How to … elicit an audience response

Caroline Florence, 17th March 2015

Last month, we started a new series that looks at how to be more effective in getting your message across. The series is based on my new eBook, 'Content that CLICKS: How to create great content in twenty steps.'

The book looks at the five responses that your content needs to evoke in your audience and the 20 actions that will help you to achieve that.

Last month, the series started by looking at how you can engage with your audience.

This month, the focus is on how getting to know your audience enables you to find the ‘sweet spot’ that will encourage them to respond to your content.

Know your message

Executives tend to jump too quickly to the execution mode. They ask questions about what they should include in their content rather than about the desired outcome. Many second guess or cram multiple messages into one piece of content just to ensure that they cover all of the bases.

Visualising the desired outcome of a piece of communication helps to clarify its purpose:

  • Be clear about your objectives, the goal you want to achieve and how your message will help to solve a problem or answer a question for your audience.
  • Stick to one core message to get your point across, so that both you and your audience stay focused on the end goal.
  • In the absence of a clear message, it’s easy for audience members to get confused and to develop their own interpretations. 

“I suppose the bits of writing that most connect with me are the ones where you just know intuitively that the writer knows what they are writing. Not just that they know their topic but they know why they are writing. There is a desire, a reason, to communicate. They know what it is that they desire to communicate and so there is coherence. But you also feel like you are connecting with the writer.”- Managing Partner, research and planning agency.

Things to consider

Key questions to ask yourself before starting to write include:

  • Why am I writing this?
  • What am I expecting to influence?
  • Why is this important to my audience? How will it help them?
  • What is currently boring, painful or confusing about the topic and how can I make it more interesting?
  • Why should they care?
  • What do I want the audience to do as a consequence of hearing or reading this?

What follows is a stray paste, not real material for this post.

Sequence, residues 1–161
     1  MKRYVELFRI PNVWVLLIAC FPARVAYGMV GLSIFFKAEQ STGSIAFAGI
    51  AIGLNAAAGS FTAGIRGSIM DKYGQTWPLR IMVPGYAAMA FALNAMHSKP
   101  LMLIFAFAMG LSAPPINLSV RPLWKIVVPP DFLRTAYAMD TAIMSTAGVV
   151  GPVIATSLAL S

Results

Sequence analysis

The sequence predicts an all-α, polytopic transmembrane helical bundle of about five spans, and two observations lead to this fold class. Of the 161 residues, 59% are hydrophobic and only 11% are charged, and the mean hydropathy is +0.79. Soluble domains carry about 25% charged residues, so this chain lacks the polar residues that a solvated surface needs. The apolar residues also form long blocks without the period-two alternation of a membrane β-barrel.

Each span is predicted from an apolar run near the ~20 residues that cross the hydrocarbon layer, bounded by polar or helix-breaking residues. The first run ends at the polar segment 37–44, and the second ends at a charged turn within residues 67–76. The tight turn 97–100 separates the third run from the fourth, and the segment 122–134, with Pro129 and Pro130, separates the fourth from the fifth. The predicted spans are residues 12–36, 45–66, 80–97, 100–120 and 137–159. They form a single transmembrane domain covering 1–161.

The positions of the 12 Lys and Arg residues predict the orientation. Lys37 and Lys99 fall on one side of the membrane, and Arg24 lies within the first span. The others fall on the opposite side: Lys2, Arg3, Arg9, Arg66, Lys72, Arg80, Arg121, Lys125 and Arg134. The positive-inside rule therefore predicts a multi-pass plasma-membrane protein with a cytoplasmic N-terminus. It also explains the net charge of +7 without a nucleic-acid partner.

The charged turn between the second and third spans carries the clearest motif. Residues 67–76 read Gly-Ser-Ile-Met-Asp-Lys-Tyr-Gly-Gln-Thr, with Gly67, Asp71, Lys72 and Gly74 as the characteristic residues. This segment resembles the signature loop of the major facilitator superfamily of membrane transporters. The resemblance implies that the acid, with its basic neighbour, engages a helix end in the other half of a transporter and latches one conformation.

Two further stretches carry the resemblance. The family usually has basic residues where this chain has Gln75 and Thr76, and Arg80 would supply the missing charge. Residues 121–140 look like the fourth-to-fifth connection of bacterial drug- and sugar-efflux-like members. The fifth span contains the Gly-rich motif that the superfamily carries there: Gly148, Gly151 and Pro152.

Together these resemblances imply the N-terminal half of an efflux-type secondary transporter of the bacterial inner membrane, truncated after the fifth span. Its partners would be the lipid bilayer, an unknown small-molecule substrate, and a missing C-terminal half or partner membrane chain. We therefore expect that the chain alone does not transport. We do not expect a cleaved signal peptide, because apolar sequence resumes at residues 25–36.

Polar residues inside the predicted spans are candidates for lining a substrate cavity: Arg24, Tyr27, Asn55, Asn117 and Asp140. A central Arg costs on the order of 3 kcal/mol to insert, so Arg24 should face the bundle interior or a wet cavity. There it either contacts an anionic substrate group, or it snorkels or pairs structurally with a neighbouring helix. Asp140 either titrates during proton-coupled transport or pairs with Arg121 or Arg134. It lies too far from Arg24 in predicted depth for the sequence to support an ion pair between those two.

• How can I sum it up in ten words?

Identify your core message

Part of knowing your message involves identifying the core elements:

1. Rather than second guess the desired outcome, ASK. It’s surprising how many people fail to do this. Ask your audience or the content sponsor for their version of success. This should be part of a good briefing process.

2. Define your main goal in one sentence before planning your message. Remember to focus on how you want your audience to react, rather than what you want out of it. Avoid goals such as: ‘I want to sell them…’ or ‘I want them to ask for my opinion on…’. Instead, use audience-centred goals such as: ‘The audience should feel that they’ve learnt something new about…..’ or ‘The audience should think I have an interesting point of view on…’ or ‘The audience must want to find out more about how we helped….’

3. Identify the single message that will help you to achieve your goal. Remember to keep the core message as simple and as tightly defined as possible. You can then cut it down into smaller pieces, ensuring that each chunk supports the core.

“It’s a fantastic way to put all the other crap aside and really think about it. It’s a really good exercise. You need to do all the hard work to come up with it, but it helps pin down exactly what your message is” - Engagement Director, global communications agency.

4. Refer to your core message at all times. Keep it written down somewhere visible so that you can constantly remind yourself of it. When writing your content, it can be easy to go off on a tangent, so occasionally check your core message to ensure that your content is still on track.

Over to you!

This is all very well in theory, but why not start putting it into practice now?

Review a recent piece of content that you’ve created:

  • Can you define the desired outcome of the communication? 
  • Is this obvious from the content? 
  • Ask someone else to review it and get them to comment on it.

A free gift…

Are you a business executive, manager or leader who wants to improve your cut-through and impact with colleagues, stakeholders and clients?

Do you want to hone your existing content skills by accessing high-impact tools and techniques that you can apply straight away?

Download the first chapter of ‘Content that CLICKS: How to create great content in 20 steps’ FREE of charge.